Britain lifts minimum wage for more than a million people

Saturday, April 02, 2016

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LONDON, United Kingdom (AFP) — Britain’s Conservative government raised the minimum wage that is pocketed by more than a million people Friday, trumpeting it as a transformative step for the economy but winning few plaudits from employers or austerity-weary unions.

Affecting between 1.3 million and 1.8 million people according to varying estimates, the minimum gross salary for all British workers aged over 25 climbed by 7.5 per cent to £7.20 (9.10 euros, US$10.36 or J$1260.80) an hour as of April 1, a pay boost that far outstrips inflation.

The pay rise, first announced by Prime Minister David Cameron’s government last July, represents a complete about-turn for the Conservative party, which opposed the introduction of the minimum wage in 1999 when then prime minister Tony Blair’s Labour party was in power.

"The National Living Wage will play a central role in moving Britain to a higher wage, lower tax, lower welfare economy," British finance minister George Osborne said as the pay boost came into effect.

"It will also mark the end of the gender pay gap for some of our lowest-paid and hardest-working people."

The opposition Labour party criticised the policy as a "cruel sleight of hand", however, pointing to the government’s enactment of sharp cutbacks in welfare spending.

Stagnant wage growth

Other nations, too, have raised minimum wages in recent years to address stagnant wage growth and inequality between rich and poor.

France lifted the minimum wage at the start of this year to almost 9.70 euros an hour.

Germany launched a minimum wage one year earlier at 8.50 euros, where it remains.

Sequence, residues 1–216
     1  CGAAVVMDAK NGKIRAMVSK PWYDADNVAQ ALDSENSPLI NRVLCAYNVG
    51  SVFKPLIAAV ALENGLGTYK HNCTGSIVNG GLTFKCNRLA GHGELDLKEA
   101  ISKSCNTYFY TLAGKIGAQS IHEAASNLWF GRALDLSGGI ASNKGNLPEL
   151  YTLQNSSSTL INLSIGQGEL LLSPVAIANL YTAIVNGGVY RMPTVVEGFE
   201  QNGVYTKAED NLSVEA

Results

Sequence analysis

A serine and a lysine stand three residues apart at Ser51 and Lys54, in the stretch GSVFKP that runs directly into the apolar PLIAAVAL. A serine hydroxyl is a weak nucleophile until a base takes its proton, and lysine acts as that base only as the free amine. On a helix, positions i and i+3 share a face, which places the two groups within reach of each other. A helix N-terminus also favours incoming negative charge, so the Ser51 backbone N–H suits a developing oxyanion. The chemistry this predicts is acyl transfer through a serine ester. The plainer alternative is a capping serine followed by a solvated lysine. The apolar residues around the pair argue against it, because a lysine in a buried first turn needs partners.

And in the United States, California plans to raise the pre-tax minimum wage to $15 per hour in a move which might be followed by other US states.

In Britain, where unemployment is relatively low at around 5.0 per cent, large wage inequalities persist and London School of Economics professor Alan Manning described the new living wage as "more symbolic" than anything else.

"It’s significant but I don’t think one should exaggerate its significance," he told

When Britain’s Conservatives opposed the introduction of a minimum wage 17 years ago, they had feared the minimum wage would destroy jobs, Manning said.

"The minimum wage is often popular with voters who are actually quite conservative on many issues, because many of them think that if people work hard and can’t earn enough to support themselves and their families, there is something wrong with... society."

However, the hourly rate of £7.20 is significantly less than the minimum pay recommended by the lobby group Living Wage Foundation, which says workers aged 18 and over should earn at least £8.25 a hour, rising to £9.40 in London where housing rents tend to be high.

"Today’s new legal minimum is an important step forward in tackling low pay in the UK," said Katherine Chapman, director of the Living Wage Foundation.

"We welcome the news that millions of workers will get a pay rise. However, the job is not done when it comes to tackling low pay," she said.

About six million people earn less than the minimum level recommended by the foundation, with women, young people and part-time workers hardest hit, Chapman said.

Key issue for voters

Workers’ representatives stressed that government cuts to welfare benefits hurt people on the bottom rung of the pay ladder.

"Many people on the lowest pay are also reliant on in-work benefits, such as tax credits or housing benefits, to ensure a sufficient minimum household income," said Tim Nichols, senior media officer at the Trades Union Congress, Britain’s biggest union organisation.

Employers gave a lukewarm response, too.

"Companies are committed to raising prosperity and living standards, but for wage increases to be sustainable they must go hand-in-hand with productivity growth," said Josh Hardie, deputy director-general for policy and campaigns at the business lobby group the Confederation of British Industry.


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